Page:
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Accounting numbers generally obey a mathematical law called Benford’s Law, and this outcome is so unexpected that manipulators of information generally fail to observe the law. Armed with this knowledge, it becomes possible to detect the occurrence of accounting data that are presented fraudulently. However, the law also allows for the possibility of detecting instances where data are presented containing errors. Given this backdrop, this paper uses data drawn from companies listed on the Johannesburg Stock Exchange to test the hypothesis that Benford’s Law can be used to identify false or fraudulent reporting of accounting data. The results support the argument that Benford’s Law can be used effectively to detect accounting error and fraud. Accordingly, the findings are of particular relevance to auditors, shareholders, financial analysts, investment managers, private investors and other users of publicly reported accounting data, such as the revenue services
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SAJEMS NS 9 (2006) No 3 341
AD Saville1
Gordon Institute of Business Science, University of Pretoria
Accounting numbers generally obey a mathematical law called Benford’s Law, and this outcome is
so unexpected that manipulators of information generally fail to observe the law. Armed with this
knowledge, it becomes possible to detect the occurrence of accounting data that are presented
fraudulently. However, the law also allows for the possibility of detecting instances where data are
presented containing errors. Given this backdrop, this paper uses data drawn from companies
listed on the Johannesburg Stock Exchange to test the hypothesis that Benford’s Law can be used
to identify false or fraudulent reporting of accounting data. The results support the argument that
Benford’s Law can be used effectively to detect accounting error and fraud. Accordingly, the findings
are of particular relevance to auditors, shareholders, financial analysts, investment managers, private
investors and other users of publicly reported accounting data, such as the revenue services.
JEL M 40
Albert Ein stein was playing his violin in
a duet with Werner Heisenberg, who was
accompanying him on the piano. After a while
Heisenberg slammed his hands down on the
keys and said: ‘It’s one, two, one, two, Einstein!
Can’t you count?’
(Arthur, 1993)
From the mid-1990s investment markets
witnessed a surge in the incidence of exposed
accounting frauds and irregularities which, in
turn, prompted a significant tightening in the
regulatory environment as part of a regulatory
effort to stamp out the occurrence of accounting
deceit.2 Although recent evidence suggests that
this regulatory response has been effective in
reducing the occurrence of dishonest accounting,
the impact has not been comprehensive.
Moreover, the experience of the past decade
demonstrates that, whilst the country, industry
and business detail behind the data distortions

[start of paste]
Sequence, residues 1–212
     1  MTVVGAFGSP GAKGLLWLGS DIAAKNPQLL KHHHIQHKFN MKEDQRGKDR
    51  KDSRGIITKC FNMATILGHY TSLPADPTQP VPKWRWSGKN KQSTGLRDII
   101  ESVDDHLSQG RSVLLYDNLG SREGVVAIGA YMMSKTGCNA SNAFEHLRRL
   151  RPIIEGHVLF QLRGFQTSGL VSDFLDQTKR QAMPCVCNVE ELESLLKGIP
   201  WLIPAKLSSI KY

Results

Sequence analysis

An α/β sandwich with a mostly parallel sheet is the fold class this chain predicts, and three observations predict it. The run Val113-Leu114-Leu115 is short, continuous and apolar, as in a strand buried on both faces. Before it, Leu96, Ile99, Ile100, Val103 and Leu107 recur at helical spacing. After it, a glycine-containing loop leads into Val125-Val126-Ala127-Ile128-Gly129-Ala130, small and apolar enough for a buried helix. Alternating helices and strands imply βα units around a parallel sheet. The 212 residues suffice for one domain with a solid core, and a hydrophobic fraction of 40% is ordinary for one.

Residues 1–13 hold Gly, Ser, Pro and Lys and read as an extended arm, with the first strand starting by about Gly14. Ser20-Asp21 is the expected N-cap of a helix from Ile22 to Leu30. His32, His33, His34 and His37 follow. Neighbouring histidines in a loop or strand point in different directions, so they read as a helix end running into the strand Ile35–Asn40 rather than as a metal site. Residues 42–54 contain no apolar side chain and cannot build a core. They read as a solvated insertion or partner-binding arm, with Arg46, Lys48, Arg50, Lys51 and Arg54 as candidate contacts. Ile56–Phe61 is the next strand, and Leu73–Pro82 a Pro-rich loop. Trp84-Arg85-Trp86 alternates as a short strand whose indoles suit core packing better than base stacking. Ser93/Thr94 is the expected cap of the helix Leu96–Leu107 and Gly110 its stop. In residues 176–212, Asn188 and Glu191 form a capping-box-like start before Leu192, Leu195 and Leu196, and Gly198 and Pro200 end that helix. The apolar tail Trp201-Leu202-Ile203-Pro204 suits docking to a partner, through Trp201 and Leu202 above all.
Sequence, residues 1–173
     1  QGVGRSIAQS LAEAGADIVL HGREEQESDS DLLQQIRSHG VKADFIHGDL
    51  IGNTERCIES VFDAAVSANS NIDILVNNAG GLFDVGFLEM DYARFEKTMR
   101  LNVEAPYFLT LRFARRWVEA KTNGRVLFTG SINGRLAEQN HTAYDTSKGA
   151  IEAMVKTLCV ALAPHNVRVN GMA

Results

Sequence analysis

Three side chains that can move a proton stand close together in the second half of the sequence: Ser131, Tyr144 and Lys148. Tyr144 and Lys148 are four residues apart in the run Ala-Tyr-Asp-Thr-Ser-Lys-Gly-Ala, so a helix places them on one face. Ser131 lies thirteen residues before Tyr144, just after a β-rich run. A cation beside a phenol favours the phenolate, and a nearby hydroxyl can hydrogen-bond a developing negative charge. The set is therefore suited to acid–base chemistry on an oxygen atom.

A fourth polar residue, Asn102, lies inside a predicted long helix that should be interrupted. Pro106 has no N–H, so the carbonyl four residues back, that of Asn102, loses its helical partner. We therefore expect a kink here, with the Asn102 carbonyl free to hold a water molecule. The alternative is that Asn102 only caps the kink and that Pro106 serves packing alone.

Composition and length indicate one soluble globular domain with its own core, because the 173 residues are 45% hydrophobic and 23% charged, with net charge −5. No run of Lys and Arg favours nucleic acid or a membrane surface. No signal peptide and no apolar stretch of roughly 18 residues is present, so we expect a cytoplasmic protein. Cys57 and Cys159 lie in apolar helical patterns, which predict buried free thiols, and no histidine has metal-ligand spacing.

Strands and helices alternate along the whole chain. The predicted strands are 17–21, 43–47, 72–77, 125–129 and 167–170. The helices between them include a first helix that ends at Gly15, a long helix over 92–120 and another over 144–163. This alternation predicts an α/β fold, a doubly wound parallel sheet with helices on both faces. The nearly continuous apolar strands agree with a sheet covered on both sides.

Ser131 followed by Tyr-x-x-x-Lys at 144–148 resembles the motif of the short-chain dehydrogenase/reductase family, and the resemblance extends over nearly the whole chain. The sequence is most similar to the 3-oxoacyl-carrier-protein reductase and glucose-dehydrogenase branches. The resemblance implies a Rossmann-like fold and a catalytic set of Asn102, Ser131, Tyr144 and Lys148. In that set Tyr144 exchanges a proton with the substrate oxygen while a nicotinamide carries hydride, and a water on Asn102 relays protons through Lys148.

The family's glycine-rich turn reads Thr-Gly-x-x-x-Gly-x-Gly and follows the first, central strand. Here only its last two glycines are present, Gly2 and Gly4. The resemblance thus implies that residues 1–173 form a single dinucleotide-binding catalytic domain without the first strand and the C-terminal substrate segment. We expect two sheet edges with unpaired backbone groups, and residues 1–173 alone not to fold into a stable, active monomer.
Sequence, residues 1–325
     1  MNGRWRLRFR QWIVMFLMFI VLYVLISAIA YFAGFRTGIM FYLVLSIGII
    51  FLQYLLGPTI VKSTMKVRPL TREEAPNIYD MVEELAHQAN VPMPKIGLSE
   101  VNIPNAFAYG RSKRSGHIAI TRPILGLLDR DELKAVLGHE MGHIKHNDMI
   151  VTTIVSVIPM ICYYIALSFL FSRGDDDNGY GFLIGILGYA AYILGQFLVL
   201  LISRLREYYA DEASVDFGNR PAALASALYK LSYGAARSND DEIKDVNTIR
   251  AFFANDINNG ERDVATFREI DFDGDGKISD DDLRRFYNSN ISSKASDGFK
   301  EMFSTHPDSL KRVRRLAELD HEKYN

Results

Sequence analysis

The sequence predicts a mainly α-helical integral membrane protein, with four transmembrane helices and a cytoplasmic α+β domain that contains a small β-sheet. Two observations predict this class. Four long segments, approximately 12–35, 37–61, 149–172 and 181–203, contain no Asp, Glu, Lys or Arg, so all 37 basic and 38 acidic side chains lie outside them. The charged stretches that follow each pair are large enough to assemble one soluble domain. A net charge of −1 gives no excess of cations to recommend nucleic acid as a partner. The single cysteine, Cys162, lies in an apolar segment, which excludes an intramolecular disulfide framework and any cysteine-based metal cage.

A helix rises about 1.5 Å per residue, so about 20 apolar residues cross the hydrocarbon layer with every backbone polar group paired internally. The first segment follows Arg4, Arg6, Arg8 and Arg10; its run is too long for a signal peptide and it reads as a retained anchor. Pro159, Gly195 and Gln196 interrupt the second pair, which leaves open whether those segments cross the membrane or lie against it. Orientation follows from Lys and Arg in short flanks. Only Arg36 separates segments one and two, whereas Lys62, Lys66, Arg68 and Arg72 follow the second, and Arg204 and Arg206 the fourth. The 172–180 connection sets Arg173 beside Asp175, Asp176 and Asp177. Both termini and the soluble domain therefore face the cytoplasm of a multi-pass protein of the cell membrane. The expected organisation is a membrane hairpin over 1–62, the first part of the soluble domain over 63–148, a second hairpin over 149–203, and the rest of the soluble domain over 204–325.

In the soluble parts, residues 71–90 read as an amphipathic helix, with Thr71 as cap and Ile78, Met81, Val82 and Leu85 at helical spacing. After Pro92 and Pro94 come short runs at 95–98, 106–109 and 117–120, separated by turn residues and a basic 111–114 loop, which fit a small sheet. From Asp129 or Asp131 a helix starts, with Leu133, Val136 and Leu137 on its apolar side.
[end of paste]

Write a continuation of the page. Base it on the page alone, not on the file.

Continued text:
vary, the cases share a common harmful ailment:
accounting frauds have resulted in considerable
destruction of investor wealth.3 In addition,
recent evidence shows that the number and
size of companies that are disclosing accounting
irregularities and frauds have grown with time.
For example, the number of restatements due
to accounting irregularities in the United States
(US) increased by over 150 percent between
1997 and 2001 (Floyd, 2003, 5). Moreover, the
median size of companies making restatements
in the US, measured by market capitalisation,
increased from $500 million in 1997 to $2 billion
in 2002 (Floyd, 2003, 7). In South Africa, the
trends have been similar, with a growing number
of firms reporting accounting irregularities and
frauds over the past decade.
Against this backdrop, and as noted, numerous
efforts are being made to improve accounting
standards and auditing practices. Regulators
are also at pains to make firms’ managers and
directors more sensitive to the consequences
of financial malpractice. However, the pace
342 SAJEMS NS 9 (2006) No 3
of progress is slow and the effects unfinished.
Moreover, human behaviour is such that
fraudulent practices will linger even in a world
of perfect accounting systems and watertight
auditing practices. Thus, those interested in the
accuracy of publicly reported accounting data
including auditors, shareholders, financial
analysts, investment managers, private investors
and other users of publicly reported accounting
data, such as the revenue services must remain
vigilant for fraudulent accounting practices.
Helpfully, at this juncture, a little known but
powerful mathematical law, called Benford’s
Law (Benford, 1938), presents itself as a
potentially potent tool for rooting out fraudulent
practices from a wide array of information sets,
include accounting data. Significantly, the law
has been used in a range of international settings
to detect data error and fraud, including the case
of accounting data. Despite this potential, it is
surprising to find that whilst Benford’s Law has
been used by practitioners in the South African
setting, no attempt has been made to publish
evidence on the effectiveness of Benford’s
Law in detecting accounting data error or
fraud in a domestic setting. This paper aims to
address this gap in research by exploring the
relevance of Benford’s Law in the detection of
anomalies in data presented by firms listed on
the Johannesburg Stock Exchange (JSE).
The remainder of the paper is divided into
five sections. Section 2 provides an overview
of Benford’s Law, while Section 3 examines
the mechanics of employing Benford’s Law to
detect accounting data irregularities as well as
the data set employed in this study. Section 4 is
devoted to analysing the results, and provides